Larry King dedicated his entire CNN show to homophobic bullying last night, and invited gay celebrities like Lance Bass, Chely Wright, Tim Gunn and Nate Berkus to share their stories.
Bass admitted that he used laugh along while his friends taunted gay classmates. "When you're 13, 14, you just go along with what the other people are doing. You just want to fit in. You want to make sure that your friends like you," the singer confessed. "You're going to crack jokes, you're going to laugh along with it. And when you're a teenager, you're not really thinking, oh, I'm being a bully by laughing along with it… But you know, you're also a bully by condoning the behavior and making the jokes along with them."
Meanwhile, Berkus verbalized the isolation of living in the closet, unsure of what "gay" even means: "You are trying to hide a fundamental part of yourself, what happens is that you cannot focus on anything else. Please understand, too, there was no Youtube. There were no — there was no Internet, nothing like that, when I was growing up."
Wanda Sykes also made an appearance, and tied the rise of anti-gay bullying to homophobic legislation, like Don't Ask, Don't Tell. "I believe that it is assisting," she said. "I'm not going to say that that's… the crux of it, because this has been going on for decades. But I think maybe what's making people a little more vocal… is because of issues that — like Don't Ask, Don't Tell and Prop 8. They're so much in the forefront right now of politics that maybe that's, you know, causing people to do more harm."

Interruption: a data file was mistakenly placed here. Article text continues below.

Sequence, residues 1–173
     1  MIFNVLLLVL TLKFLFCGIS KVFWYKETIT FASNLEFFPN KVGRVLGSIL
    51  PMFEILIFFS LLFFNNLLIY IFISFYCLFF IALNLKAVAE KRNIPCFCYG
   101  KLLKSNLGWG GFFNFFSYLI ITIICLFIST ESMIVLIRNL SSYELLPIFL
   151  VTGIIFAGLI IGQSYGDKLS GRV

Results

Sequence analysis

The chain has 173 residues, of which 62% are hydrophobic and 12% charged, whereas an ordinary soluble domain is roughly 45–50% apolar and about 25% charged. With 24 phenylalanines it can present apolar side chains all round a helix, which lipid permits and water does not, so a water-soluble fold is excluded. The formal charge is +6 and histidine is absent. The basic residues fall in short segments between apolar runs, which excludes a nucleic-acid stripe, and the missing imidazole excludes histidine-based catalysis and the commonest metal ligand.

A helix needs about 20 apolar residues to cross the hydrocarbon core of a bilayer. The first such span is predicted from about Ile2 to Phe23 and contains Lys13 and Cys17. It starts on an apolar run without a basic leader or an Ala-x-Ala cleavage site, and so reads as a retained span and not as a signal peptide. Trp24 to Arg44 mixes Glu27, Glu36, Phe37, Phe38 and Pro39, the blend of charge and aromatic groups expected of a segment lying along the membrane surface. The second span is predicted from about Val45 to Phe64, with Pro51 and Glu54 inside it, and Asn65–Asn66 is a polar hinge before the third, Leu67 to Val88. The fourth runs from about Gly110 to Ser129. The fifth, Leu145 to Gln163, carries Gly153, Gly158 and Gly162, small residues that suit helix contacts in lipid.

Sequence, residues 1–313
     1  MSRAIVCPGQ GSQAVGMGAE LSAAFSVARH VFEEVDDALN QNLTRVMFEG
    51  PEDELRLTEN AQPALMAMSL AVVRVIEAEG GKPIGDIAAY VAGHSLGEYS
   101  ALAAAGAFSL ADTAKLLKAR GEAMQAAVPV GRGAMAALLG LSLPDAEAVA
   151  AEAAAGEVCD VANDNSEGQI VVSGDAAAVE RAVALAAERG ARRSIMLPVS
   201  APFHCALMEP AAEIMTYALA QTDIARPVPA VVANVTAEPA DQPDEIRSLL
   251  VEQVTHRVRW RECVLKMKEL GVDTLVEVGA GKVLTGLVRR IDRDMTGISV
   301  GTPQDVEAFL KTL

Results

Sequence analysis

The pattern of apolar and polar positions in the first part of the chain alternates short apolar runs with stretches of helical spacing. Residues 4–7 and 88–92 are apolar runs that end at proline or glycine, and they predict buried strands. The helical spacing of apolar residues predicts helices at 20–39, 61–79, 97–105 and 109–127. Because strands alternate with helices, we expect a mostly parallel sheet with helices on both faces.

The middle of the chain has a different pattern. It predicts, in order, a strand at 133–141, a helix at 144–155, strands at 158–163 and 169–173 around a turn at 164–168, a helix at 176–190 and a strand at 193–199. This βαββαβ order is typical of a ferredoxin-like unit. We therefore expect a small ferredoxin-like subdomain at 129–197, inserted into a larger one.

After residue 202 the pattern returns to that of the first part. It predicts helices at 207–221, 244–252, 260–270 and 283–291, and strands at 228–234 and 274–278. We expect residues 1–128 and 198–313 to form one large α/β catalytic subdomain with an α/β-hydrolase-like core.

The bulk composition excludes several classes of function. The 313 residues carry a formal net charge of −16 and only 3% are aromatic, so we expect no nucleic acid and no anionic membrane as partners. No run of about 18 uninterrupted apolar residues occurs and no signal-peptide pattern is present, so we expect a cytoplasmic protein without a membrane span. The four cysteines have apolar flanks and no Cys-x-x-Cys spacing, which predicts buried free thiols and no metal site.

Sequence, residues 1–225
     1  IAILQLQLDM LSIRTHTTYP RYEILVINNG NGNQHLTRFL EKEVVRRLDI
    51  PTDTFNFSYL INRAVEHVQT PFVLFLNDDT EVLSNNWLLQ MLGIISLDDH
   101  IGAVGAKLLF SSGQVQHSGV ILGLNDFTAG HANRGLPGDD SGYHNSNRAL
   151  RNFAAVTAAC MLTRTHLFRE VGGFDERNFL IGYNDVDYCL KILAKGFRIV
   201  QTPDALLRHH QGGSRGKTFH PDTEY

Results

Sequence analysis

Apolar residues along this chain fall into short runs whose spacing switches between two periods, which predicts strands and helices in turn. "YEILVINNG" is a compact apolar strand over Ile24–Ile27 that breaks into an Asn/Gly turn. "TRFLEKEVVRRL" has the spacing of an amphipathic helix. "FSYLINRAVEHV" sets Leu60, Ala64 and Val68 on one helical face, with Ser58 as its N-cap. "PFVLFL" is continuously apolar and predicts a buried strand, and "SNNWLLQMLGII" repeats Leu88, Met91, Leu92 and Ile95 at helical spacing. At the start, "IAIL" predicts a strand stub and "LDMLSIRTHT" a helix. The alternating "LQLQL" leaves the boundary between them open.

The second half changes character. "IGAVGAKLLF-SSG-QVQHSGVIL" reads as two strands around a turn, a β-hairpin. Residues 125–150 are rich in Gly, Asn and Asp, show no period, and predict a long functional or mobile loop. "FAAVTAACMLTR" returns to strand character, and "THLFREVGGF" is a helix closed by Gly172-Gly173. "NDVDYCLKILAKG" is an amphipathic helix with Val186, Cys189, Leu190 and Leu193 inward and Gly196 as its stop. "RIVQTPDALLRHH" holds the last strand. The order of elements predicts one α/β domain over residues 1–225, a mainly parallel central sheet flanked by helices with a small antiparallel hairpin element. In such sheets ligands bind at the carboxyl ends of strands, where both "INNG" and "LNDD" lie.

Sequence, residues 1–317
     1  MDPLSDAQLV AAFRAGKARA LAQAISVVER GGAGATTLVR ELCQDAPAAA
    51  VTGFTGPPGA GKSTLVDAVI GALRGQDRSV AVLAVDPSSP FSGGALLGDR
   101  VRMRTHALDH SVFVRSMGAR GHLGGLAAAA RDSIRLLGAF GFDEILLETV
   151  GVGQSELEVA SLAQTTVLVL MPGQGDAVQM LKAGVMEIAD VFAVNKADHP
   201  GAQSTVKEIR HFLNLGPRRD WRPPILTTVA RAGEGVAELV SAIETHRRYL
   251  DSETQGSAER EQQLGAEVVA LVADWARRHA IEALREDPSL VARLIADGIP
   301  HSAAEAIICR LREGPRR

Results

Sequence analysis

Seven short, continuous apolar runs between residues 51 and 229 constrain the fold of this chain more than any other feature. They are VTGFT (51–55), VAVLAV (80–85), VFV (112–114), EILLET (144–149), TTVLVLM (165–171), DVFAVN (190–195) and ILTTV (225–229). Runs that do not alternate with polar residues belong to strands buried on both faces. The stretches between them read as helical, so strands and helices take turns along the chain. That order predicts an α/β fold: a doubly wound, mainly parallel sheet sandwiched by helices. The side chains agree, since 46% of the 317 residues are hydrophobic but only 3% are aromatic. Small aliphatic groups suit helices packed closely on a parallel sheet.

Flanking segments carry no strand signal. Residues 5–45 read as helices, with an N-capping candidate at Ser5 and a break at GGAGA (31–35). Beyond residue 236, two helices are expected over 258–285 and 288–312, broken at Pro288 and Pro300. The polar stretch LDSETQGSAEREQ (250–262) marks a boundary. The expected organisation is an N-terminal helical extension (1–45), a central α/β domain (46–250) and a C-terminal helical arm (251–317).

At the end of it all, gay favorite Kathy Griffin reminded viewers that they're not alone, and that our collective efforts can put an end to bullying: "If you're watching this at home and you feel enraged but helpless, you can help. All right, come see me at the Gibson Theater. Make a monetary donation. Come get a pamphlet. Sign up for the Trevor Project. Sign up for Give a Damn. Go talk to somebody."
I've included the entire episode AFTER THE JUMP…
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